Currently living on the Sunshine Coast, Joe was named in the team after starting in the sport only four years ago.
He said he tried the sport because former Australian bobsleigh athletes recommended he give it a go but, prior to that, he'd never even seen snow.
“Being named in the squad is incredible, there’s nothing I’ve done that is even close to standing on the start block with Australia written across my back,” Joe said.
“It’s a reward for a lot of hard work, but also a reward to the people who have supported me.
“It’s for them as much as it is for me.”
The team is due to depart to North America early this month, with only a few competitions standing between them and a spot in the 2022 Winter Olympics.
“The next competition for us is the North American Cup circuit which will take us up to Christmas, then to Europe to race some European cup races until the end of January when we will find out if we have crossed the line and qualified an Olympics berth,” he said.
Having been involved in local sport while living in Bundaberg during his younger years, Joe said he never thought he would be competing in an Olympic campaign, let alone in a winter sport.
“I never thought I’d be here, a few days out from leaving the country for an Olympic campaign in a winter sport after having grown up and lived in Bundaberg,” he said.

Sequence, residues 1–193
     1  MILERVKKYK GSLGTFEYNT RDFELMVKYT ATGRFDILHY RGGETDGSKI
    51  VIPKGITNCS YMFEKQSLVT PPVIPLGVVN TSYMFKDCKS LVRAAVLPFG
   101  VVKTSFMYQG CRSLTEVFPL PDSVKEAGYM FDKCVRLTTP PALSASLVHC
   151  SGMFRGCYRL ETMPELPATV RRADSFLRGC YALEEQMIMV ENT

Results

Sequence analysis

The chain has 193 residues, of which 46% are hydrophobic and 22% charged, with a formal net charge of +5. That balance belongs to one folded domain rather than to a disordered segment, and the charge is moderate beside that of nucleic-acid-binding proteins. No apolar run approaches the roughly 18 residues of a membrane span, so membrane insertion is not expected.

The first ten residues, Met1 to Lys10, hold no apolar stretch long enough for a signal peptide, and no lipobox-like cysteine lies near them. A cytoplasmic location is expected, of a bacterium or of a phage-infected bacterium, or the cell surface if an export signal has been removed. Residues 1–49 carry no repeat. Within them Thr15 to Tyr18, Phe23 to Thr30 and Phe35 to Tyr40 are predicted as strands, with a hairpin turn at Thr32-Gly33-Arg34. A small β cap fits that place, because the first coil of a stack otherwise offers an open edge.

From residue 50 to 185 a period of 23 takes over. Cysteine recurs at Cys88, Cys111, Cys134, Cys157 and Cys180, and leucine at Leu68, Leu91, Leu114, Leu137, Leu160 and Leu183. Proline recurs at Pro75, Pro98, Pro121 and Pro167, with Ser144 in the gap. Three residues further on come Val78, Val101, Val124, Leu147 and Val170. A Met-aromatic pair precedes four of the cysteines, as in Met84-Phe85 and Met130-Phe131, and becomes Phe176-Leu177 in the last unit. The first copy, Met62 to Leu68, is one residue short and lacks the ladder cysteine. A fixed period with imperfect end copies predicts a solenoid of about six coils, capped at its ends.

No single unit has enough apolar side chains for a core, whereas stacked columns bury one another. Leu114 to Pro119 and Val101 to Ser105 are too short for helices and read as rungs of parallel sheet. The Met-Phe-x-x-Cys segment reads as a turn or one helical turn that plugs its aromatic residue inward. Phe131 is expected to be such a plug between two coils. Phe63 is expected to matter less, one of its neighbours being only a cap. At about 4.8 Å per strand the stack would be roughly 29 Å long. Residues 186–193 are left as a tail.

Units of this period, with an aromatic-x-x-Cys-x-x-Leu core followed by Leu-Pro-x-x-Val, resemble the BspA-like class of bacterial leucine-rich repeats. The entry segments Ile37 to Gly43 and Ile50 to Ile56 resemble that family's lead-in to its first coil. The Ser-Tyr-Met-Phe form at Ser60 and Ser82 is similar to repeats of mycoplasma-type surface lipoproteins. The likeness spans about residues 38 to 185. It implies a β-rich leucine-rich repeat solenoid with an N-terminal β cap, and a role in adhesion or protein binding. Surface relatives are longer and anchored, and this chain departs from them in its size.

“The sporting community in Bundaberg really helped shape me as a youth athlete and I’ve carried a lot of my old coaches’ teachings with me since.”
With limited snow in Queensland, the opportunity to train with a sled proved challenging.
However it was Joe's dad Ivan, who still lives in Bundaberg, that came up with the solution.
“When I started, I needed a push sled of similar dimensions to a bobsleigh to train the push start and with my dad, being the handy man he is, was able to weld one together for me,” Joe said.
“The sled is actually kept at the Queensland Academy of Sport now, and all the members of the Australian men’s squad train with it.
“Without the sled, it would be impossible to train the push start, which is arguably 50% of the race as a good start is essentially to reach in peak speed sooner, and then obviously you’re down the track faster.”
The current men's team has been developing and racing for the last three years, with one goal in mind – to maintain Australian representation at the elite level.
Joe said the Australian team was looking to raise funds to cover the cost of their two and four man sleds.
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